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Gnaeus Scipio in Spain

While these events were happening in Italy, Gnaeus Cornelius Scipio, who had been left by his brother Publius in command of the fleet, setting sail from the mouth of the Rhone, came to land with his whole squadron at a place in Iberia called Emporium. Starting from this town, he made descents upon the coast, landing and besieging those who refused to submit to him along the seaboard as far as the Iber; and treating with every mark of kindness those who acceded to his demands, and taking all the precautions he could for their safety. When he had garrisoned those towns on the coast that submitted, he led his whole army inland, having by this time a not inconsiderable contingent of Iberian allies; and took possession of the towns on his line of march, some by negotation and some by force of arms. The Carthaginian troops which Hannibal had left in that district under the command of Hanno, lay entrenched to resist him under the walls of a town called Cissa.

Defeating this army in a pitched battle, Gnaeus not only got possession of a rich booty, for the whole baggage of the army invading Italy had been left under its charge, but secured the friendly alliance of all the Iberian tribes north of the Iber, and took both Hanno, the general of the Carthaginians, and Andobales, the general of the Iberians, prisoners. The latter was despot of central Iberia, and had always been especially inclined to the side of Carthage.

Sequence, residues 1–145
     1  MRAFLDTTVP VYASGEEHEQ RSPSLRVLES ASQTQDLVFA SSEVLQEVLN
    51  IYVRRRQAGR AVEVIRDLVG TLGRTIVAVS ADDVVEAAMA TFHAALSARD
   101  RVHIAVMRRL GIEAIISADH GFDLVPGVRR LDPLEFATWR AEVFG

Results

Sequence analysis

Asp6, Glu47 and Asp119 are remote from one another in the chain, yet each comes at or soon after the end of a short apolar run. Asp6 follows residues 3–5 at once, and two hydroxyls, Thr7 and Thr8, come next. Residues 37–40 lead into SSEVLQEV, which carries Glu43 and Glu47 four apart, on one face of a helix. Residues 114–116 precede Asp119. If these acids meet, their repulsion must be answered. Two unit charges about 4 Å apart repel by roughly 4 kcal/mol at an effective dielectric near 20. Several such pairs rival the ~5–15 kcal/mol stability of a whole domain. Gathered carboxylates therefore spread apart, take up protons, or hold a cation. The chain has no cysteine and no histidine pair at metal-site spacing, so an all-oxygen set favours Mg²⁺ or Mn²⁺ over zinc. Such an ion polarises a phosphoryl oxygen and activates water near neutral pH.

Immediately he learnt what had happened, Hasdrubal crossed the Iber to bring aid. There he ascertained that the Roman troops left in charge of the fleet had abandoned all precautions, and were trading on the success of the land forces to pass their time in ease. He therefore took with him eight thousand infantry and one thousand cavalry of his own army, and finding the men of the fleet scattered about the country, he killed a great many of them and forced the rest to fly for refuge to their ships. He then retired across the Iber again, and employed himself in fortifying and garrisoning the posts south of the river, taking up his winter quarters at New Carthage. When Gnaeus rejoined his fleet, he punished the authors of the disaster according to the Roman custom; and then collected his land and sea forces together in Tarraco, and there took up his winter quarters; and by dividing the booty equally between his soldiers, inspired them at once with affection towards himself and eagerness for future service. Such was the course of the Iberian campaign.

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